Evelyn Waugh
So beloved that its title evokes blissful images of punting, picnics and youthful optimism, Brideshead Revisited tells the story of the young Charles Ryder, who is seduced (maybe metaphorically, maybe literally) by his fellow Oxford student Lord Sebastian Flyte. Charles takes refuge in the Flyte family estate, Brideshead, where sensuous ennui is the order of the day. In rich, sumptuous prose, Waugh traces the crumbling of their carefree youth.

Other British writers of Waugh’s generation included George Orwell (1984), Graham Greene (The Power and the Glory), Aldous Huxley (Brave New World), Elizabeth Bowen (The Death of the Heart) and Sylvia Townsend Warner (The Corner that Held Them).

House and Garden magazine has also compiled a recommended reading list. This focuses on the narrower category of 11 novels that “featured brilliant houses.” Their Waugh choice is also Brideshead:

Perhaps the most famous “big house” story ever, this novel tells the story of middle-class Oxford graduate Charles Ryder and his relationships with the aristocratic inhabitants of Brideshead Castle. Filled with arches and broken pediments, it is thought to have been inspired by Madresfield (featured in the June 2014 issue of House & Garden), though in the subsequent TV adaptation of 1981, Castle Howard in Yorkshire stood in for Brideshead, and did so again when the a film version was released in 2008.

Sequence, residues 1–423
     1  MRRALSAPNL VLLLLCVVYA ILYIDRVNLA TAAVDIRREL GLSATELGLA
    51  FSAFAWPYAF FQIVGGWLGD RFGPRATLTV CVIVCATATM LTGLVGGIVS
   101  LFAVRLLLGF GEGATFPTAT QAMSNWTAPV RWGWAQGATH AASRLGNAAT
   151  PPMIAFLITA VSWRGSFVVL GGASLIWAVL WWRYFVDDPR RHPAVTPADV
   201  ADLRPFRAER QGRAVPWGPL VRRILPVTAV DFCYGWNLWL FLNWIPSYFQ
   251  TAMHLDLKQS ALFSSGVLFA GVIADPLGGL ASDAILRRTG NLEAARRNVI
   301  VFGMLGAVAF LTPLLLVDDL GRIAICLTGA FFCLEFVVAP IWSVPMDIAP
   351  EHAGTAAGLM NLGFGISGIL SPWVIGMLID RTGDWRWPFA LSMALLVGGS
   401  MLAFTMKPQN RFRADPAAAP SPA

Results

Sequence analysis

Others on their list include Pride and Prejudice, Gatsby, Rebecca and A Room with a View. I would have thought Howard’s End a more appropriate choice for a Forster novel featuring a brilliant house.

The American Conservative posts an article entitled “Rethinking Salman Rushdie” which attempts to place his book The Satanic Verses into a more objective perspective than have many of those commenting on his recent attack in New York State:

…most critics of The Satanic Verses don’t think the book should be banned or its author beheaded. They are saying that human beings should be more respectful of each other’s convictions. Religion shouldn’t be treated as something banal. Art shouldn’t be flippant.

These are moral judgements; they are also literary criticisms.